Las Vegas (May 7, 2004) -- "The most important asset an organization has is a good infrastructure, and if you manage your IT effectively it will be cost effective." That was the message from Grant Thornton's chief information officer to attendees this week at the AICPA's Information Technology Conference.

Addressing a room filled primarily with CPAs responsible for technology purchasing and consulting at their firms, GT's David Holyoak stressed that there's a constant battle between cost and value for clients and firms. He offered several suggestions on how to "deliver effective client services while driving costs down."

There are six key areas where firms spend the most, according to Holyoak: outside services; voice and data products and infrastructure; software maintenance; hardware leasing; salaries and benefits; and depreciation.

Holyoak said that he has kept Grant Thornton’s IT spending between $14 million and $17 million for several years by instilling four key practices: standardization, centralization, communication and education -- the first two being the most important to start with.

"Most firms may not be at our size and scope, but we all deal with the fact that, for the most part, the people you serve aren’t going to wake up and tell you, ‘You are doing a good job,’" Holyoak said. "These four main practices can help lower your overall IT costs, improve your purchasing power, and give you higher user-support ratios."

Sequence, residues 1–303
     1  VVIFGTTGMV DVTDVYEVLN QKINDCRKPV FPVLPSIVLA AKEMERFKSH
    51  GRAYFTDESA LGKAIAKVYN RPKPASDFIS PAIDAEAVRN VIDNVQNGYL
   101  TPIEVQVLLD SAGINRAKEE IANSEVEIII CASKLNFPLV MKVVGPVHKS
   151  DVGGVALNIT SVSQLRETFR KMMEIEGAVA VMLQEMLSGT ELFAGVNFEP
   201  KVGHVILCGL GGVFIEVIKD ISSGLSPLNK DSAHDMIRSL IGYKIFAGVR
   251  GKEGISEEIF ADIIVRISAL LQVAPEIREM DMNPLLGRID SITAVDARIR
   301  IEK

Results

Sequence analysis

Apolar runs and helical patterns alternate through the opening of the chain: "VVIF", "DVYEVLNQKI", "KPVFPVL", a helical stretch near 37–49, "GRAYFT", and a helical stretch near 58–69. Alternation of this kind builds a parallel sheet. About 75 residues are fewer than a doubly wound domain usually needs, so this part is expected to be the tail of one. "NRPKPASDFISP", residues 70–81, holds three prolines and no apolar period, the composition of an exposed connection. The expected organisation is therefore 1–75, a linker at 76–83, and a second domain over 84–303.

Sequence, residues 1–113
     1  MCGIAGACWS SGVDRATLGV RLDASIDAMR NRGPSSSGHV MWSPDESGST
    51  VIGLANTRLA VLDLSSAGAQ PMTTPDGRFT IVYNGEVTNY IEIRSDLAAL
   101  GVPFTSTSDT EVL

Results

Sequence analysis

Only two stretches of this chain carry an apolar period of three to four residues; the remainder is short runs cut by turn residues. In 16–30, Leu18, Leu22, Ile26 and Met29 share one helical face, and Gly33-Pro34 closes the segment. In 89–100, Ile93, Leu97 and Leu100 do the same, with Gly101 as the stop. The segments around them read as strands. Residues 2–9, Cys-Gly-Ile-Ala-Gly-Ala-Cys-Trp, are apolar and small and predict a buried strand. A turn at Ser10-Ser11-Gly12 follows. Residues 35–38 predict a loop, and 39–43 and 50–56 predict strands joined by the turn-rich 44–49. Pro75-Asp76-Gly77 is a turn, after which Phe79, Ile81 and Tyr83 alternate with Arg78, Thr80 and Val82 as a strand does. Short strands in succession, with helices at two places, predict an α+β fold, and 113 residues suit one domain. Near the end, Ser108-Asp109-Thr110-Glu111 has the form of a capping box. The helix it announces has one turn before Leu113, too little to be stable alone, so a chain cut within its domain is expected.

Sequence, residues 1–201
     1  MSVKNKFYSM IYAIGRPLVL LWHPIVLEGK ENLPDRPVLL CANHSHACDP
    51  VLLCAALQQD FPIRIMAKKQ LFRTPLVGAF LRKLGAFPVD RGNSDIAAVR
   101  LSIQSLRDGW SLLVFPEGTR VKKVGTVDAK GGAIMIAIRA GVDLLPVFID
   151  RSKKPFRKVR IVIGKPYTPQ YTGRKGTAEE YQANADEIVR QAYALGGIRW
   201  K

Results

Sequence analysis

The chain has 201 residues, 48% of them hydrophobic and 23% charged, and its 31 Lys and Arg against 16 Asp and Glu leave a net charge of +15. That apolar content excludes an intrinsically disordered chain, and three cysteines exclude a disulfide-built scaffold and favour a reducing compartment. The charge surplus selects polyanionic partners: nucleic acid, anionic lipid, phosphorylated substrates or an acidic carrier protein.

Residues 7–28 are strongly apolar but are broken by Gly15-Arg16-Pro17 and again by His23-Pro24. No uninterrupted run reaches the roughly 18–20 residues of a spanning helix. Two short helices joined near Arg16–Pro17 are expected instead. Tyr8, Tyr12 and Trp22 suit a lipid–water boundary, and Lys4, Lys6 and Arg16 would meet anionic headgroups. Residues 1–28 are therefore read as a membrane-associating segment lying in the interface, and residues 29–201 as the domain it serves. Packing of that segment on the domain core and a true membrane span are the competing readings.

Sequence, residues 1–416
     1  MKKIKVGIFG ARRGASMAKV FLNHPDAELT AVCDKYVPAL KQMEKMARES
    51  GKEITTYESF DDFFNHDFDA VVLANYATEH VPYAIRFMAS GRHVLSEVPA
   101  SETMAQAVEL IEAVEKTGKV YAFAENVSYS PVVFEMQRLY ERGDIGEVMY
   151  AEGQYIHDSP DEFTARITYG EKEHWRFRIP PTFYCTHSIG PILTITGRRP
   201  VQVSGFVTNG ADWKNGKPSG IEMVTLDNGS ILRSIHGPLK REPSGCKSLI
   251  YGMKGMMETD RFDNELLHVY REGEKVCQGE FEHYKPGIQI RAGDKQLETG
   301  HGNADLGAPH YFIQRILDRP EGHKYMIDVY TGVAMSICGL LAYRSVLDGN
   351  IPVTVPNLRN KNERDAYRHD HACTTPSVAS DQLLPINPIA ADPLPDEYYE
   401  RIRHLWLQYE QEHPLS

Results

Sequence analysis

He said that IT costs can be driven down 25 to 30 percent by simply standardizing all equipment and infrastructure in an organization. That includes everything from having everyone use one kind of software or hardware to installing the same type of wiring.

For centralization -- optimizing the technology at the firm and client level -- he noted that having a strategic plan or vision is all-important.

"Ultimately you need to look at your total IT costs holistically, pick a standard and stick to it, and think of technology in terms of meeting business needs," Holyoak said. "You should also remember your audience. Don’t hide behind numbers: Show them exactly where the money is being spent and use whatever trend analysis or metrics you can to show how effective your IT spending is."

-- Seth Fineberg

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